26. Duke v GEC Reliance Ltd [1988] 1 All ER 626
    27. Litster and others v Forth Dry Dock and Engineering Co Ltd and another [1989] 1 All ER 1134
    28. Factortame Ltd and others v Secretary of State for Transport [1989] 2 All ER 692
    29. Factortame Ltd and others v Secretary of State for Transport (No 2) (Case C-213/89) [1991] 1 All ER 70
    30. R v Secretary of State for Transport, ex parte Factortame (no.2) [1991] 1 All ER 70 (House of Lords)
    31. Thoburn v Sunderland City Council and other appeals [2002] EWHC 195 Admin; [2003] QB 151; [2002] 4 All ER 156
  13. Chapter twelve: The governance of Scotland and Wales
  14. Chapter thirteen: Substantive grounds of judicial review 1: illegality, irrationality and proportionality
  15. Chapter fourteen: Procedural grounds of judicial review
  16. Chapter fifteen: Challenging governmental decisions: the process
  17. Chapter sixteen: Locus standi
  18. Chapter seventeen: Human rights I: Traditional perspectives
  19. Chapter eighteen: Human rights II: Emergent principles
  20. Chapter nineteen: Human rights III: New substantive grounds of review
  21. Chapter twenty: Human rights IV: The Human Rights Act 1998
  22. Chapter twenty-one: Human rights V: The impact of The Human Rights Act 1998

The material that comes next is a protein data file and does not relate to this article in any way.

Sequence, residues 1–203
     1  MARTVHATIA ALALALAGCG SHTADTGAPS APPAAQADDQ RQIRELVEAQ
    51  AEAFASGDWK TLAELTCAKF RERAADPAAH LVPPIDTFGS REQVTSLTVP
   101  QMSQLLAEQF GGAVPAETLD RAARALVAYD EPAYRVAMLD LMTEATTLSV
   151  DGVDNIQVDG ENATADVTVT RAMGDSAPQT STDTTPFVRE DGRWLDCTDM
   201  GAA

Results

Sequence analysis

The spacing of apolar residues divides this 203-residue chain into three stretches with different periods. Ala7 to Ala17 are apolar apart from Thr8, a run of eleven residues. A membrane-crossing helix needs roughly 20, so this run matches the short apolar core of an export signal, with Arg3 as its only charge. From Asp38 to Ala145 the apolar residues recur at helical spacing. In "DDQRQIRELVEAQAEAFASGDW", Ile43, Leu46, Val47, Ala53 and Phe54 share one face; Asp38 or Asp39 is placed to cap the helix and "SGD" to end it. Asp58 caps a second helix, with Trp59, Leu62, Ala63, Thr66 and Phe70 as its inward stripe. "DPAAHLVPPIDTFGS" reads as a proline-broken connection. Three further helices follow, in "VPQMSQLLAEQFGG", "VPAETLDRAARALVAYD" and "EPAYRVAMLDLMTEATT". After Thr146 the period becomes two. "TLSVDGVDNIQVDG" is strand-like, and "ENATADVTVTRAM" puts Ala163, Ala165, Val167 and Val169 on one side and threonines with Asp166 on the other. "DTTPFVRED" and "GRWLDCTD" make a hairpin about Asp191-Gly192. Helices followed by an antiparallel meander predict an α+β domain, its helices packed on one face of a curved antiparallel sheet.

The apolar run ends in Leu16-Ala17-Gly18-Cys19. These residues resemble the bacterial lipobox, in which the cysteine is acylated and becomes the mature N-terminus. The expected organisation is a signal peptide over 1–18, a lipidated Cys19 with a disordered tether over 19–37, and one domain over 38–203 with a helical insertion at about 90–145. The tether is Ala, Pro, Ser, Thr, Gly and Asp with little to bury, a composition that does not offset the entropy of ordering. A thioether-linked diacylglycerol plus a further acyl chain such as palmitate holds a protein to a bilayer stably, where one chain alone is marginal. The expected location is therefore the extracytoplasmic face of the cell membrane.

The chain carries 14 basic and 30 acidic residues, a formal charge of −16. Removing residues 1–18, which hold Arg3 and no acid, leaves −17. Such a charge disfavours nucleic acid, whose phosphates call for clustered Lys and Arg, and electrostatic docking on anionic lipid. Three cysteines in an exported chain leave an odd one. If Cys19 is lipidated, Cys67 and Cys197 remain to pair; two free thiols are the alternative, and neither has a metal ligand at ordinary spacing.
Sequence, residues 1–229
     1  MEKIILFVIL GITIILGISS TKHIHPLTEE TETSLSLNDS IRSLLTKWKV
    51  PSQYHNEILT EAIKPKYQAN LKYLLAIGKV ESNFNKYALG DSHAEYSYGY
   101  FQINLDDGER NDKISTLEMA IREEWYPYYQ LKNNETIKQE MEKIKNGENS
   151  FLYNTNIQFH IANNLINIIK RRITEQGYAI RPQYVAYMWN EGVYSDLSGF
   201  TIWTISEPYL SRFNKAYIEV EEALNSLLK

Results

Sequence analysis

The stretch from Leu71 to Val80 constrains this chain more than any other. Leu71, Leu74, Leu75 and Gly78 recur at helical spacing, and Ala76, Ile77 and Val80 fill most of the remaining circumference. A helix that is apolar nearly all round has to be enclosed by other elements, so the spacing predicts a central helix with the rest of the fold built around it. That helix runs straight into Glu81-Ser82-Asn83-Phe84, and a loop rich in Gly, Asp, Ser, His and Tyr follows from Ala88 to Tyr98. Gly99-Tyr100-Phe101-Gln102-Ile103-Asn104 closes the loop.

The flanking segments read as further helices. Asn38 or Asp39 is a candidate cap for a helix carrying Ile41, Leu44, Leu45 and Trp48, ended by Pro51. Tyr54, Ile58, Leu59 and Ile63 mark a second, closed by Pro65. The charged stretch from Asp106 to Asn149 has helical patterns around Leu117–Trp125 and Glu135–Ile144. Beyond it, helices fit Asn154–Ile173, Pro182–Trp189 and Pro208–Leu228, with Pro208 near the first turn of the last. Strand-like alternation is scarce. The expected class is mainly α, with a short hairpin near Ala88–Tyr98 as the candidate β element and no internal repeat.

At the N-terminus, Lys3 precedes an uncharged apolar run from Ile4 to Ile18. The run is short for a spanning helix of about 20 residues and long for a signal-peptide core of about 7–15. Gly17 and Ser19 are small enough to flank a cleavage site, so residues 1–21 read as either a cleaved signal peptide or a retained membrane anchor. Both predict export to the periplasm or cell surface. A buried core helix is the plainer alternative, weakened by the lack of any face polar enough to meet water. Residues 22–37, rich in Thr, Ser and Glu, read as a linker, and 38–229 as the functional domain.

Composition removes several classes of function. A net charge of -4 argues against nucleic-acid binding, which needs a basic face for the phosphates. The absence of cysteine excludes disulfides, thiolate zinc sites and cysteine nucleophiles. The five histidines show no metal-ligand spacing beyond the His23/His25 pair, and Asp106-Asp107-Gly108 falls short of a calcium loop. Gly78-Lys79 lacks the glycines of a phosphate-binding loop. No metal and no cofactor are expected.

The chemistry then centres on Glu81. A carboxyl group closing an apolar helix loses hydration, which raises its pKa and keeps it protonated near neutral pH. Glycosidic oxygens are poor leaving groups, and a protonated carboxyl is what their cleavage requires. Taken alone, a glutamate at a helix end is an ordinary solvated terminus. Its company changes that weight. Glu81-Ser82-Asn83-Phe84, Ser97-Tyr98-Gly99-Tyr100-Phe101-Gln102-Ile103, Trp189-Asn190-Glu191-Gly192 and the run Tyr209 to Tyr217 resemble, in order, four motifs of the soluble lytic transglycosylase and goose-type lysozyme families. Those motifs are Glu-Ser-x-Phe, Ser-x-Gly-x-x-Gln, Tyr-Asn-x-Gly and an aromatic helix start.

23. Chapter twenty-two: Human rights VI: Governmental powers of arrest and detention
  24. Chapter twenty-three: Leaving the European Union

Internationale Handelsgesellchaft mbH v Einfuhr- & Vorratsstelle fur Getreide & Futtermittel (Solange I) [1974] 2 CMLR; (German Federal Constitutional Court)

[9] The Verwaltungsgericht takes the view that the rules of Community law which it questions are incompatible with the Constitution even in the interpretation given them by the European Court....

[10] European Community law, says the referring court, can be examined for its compatibility with the Constitution; it is not entitled to precedence over all national law. The Bundesverfassungsgericht has jurisdiction to review the matter. While the regulations issued by the organs of the Community are norms of an autonomous legal system, to which, on its wording, Article 100(1) of the Constitution does not apply, the jurisdiction of the Bundesverfassungsgericht results first of all from the consideration that there must be a national tribunal for judicial review of constitutionality (Normenkontrolle) if one regards the examination of Community law against the structural principles of national constitutional law as admissible. The ruling of the European Court, says the referring court, does not pose any obstacle to an examination of the provisions in question by the Bundesverfassungsgericht....